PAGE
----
Just before the repeal of Prohibition, a father, desperate to save his Vermont farm near the Canadian border, journeys into the Canadian wilderness with his son hoping to score big money on a whiskey-running escapade.
as Quebec Bill Bonhomme
as Wild Bill Bonhomme
as Henry Coville
as Rat Kinneson
as Brother St. Hillaire
as Brother St. Paul
as Frog Lamundy
as Andre LaChance
as Little Gretchen
as Yellow Rose
as Origene LaChance
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Critic Reviews for Disappearances
It's an ambitious work and shouldn't be too readily dismissed for its semi-successful foray into spirit-land. There is much else to enjoy and a wonderful terrain to discover.
The movie has a literary quality, and not just because everyone's always quoting Shakespeare.
A marvelous, subtly crafted elegy to a bygone era that balances its scenes of violence and gunplay with laconic humor.
Labored, a bit of backwoods magical realism that wants to soar but never takes off.
Magic realism is a tricky thing to pull off in a movie, and Disappearances, the third of Mr. Craven's films based on Mr. Mosher's novels, only occasionally succeeds.
Craven never quite manages to make it all seem a smoothly integrated piece.
The beautifully photographed Disappearances is solidly old-fashioned entertainment.
If you're one of those people (like this reviewer) who can watch Kris Kristofferson do just about anything, you won't insist on the references being that solid.
Craven layers the film's central narrative concerns with mounds of metaphorical gunk, most of which proves more ponderous than entrancing.
Though set in Vermont in the 1930s, this has the feel of a Western -- one with mystical overtones -- and provides a great role for Kris Kristofferson, who's looking well weathered these days.
Jay Craven's stilted adaptation of a novel by Howard Frank Mosher lacks the urgency, the poetry, or the feeling for period that might have brought the material to life, while the cast seems to be largely squandered.
Shot for only $1.7 million, but it's a thoroughly entertaining, first-class job in every way.
The story might sound fine on paper, but it didn't quite work out that well when filmed.
A frontier spirit and a strong connection to the landscape inform the piece, which aims not to wow but to immerse the viewer in a mystical, hardscrabble, bygone world.
Audience Reviews for Disappearances
Honestly, I only rented Disappearances because there were a bunch of old people on the DVD cover and the concept of a Western filled with senior citizens intrigued me. The film didn't really deliver on that, sadly, and what could have been Actual Country for Old Men instead was made into a generic spaghetti flick with a dash of magical realism for flair.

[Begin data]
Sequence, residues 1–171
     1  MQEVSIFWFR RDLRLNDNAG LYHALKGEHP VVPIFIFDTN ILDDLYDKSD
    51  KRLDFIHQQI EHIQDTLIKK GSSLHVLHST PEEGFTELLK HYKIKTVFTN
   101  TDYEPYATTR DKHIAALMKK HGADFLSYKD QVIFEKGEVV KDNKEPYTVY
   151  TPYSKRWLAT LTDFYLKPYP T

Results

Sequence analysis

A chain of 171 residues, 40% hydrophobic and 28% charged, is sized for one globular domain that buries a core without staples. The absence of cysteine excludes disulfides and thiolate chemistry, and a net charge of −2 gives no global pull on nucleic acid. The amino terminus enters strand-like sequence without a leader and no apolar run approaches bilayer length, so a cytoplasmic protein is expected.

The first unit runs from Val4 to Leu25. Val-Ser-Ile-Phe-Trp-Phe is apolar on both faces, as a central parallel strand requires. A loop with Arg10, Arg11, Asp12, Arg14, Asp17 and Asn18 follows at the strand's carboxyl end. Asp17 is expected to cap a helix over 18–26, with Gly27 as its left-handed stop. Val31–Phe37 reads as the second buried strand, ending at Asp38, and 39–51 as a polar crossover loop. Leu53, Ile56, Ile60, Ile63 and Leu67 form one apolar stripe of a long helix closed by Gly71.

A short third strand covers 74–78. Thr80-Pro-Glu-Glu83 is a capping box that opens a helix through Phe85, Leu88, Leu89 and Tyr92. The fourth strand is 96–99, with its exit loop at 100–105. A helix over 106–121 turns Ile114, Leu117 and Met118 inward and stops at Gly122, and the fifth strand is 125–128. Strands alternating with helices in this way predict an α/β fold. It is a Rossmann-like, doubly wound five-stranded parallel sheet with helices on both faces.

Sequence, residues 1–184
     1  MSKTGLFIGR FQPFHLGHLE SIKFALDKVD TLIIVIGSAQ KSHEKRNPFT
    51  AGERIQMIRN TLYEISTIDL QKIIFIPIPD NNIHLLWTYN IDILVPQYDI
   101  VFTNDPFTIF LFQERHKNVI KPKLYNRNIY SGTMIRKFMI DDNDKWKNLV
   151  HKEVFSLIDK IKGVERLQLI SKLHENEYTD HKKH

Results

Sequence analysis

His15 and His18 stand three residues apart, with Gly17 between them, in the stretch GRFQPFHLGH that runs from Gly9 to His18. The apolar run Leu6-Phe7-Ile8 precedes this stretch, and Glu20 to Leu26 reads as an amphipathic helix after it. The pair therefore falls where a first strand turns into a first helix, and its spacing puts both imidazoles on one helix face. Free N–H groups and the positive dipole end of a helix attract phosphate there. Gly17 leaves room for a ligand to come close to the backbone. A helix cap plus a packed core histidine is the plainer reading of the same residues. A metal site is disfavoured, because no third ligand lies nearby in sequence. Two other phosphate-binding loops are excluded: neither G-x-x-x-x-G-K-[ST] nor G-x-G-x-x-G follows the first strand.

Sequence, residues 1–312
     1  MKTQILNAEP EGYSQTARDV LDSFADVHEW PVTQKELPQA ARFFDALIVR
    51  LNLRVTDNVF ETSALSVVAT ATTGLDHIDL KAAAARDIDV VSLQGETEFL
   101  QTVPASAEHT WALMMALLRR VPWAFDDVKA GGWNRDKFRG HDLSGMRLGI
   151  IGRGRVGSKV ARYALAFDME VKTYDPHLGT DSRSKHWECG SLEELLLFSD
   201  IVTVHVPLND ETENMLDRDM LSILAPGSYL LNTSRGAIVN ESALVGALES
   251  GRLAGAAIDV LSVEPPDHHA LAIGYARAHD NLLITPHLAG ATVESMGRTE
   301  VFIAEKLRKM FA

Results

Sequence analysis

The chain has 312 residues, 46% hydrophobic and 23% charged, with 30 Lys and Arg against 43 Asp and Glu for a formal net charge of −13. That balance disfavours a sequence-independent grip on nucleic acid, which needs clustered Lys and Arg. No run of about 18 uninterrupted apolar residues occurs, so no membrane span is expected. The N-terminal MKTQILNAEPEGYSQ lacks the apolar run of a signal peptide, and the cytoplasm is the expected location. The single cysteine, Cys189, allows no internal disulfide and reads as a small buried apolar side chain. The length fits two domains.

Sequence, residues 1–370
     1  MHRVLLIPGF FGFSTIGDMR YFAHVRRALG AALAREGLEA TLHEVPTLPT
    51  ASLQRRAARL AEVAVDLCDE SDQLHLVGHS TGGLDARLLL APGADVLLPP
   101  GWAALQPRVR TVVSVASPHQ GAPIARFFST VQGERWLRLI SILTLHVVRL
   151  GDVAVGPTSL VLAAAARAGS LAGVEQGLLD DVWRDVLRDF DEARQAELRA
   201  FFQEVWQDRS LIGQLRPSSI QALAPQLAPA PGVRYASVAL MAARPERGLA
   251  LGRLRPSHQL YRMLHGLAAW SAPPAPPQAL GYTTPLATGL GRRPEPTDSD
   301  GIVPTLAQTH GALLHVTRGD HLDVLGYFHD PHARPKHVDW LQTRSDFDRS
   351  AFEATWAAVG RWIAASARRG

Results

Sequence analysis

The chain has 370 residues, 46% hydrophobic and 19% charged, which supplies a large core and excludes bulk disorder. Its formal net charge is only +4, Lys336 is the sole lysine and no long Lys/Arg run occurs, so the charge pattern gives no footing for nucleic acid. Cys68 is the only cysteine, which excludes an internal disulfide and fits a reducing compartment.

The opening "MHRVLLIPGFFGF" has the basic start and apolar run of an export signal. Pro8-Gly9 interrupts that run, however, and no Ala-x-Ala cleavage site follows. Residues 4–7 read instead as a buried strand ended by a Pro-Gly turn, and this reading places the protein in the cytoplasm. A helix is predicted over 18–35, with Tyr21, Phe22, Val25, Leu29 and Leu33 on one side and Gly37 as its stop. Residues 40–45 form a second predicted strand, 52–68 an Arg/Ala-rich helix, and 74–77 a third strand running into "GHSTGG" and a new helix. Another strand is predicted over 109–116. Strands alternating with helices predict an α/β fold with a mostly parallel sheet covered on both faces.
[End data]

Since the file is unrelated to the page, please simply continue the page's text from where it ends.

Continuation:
The best part of Disappearances by far is the teleporting aunt, because hell, it's a teleporting old woman who spouts off Shakespeare and shoots people. You can't miss the potential in that. Also, the film looks great; even though it was shot on the cheap (budgeted at 1.7 million dollars), the director does an admirable job using natural scenery to create atmosphere. Unfortunately, that's pretty much where the unique parts of Disappearances come to a halt. The plot is some hoary nonsense about smuggling whiskey that gets completely dropped in the last twenty minutes of the movie to make way for shit randomly disappearing and some ridiculous subplot about a curse. I guess these seemed like neat elements to include in a Western, but they just didn't fit here.
The kid gave probably one of the worst child performances I've ever seen. Every line he delivered took me straight out of the movie, which wasn't that hard in the first place because it's not particularly gripping. They should have just put teleporting lady in his place and the movie would have been ten times better. The rest of the acting isn't bad; I guess Kris Kristofferson is important or something, which is why he ends up doing movies like this, right?
I've stated in the past that you have to kiss a lot of frogs when you venture into the realm of independent films. With that said, I must admit that we've had a good run of late and seen some truly outstanding movies. That run came to a screeching halt with this flick and I take full responsibility for having chosen this dog. One has to imagine that it was very well received in whatever art house it played in, but went over with a thud in our house. The two star rating is for the cinematography, set design and with the exception of one particular character and his henchmen, for the costuming.More
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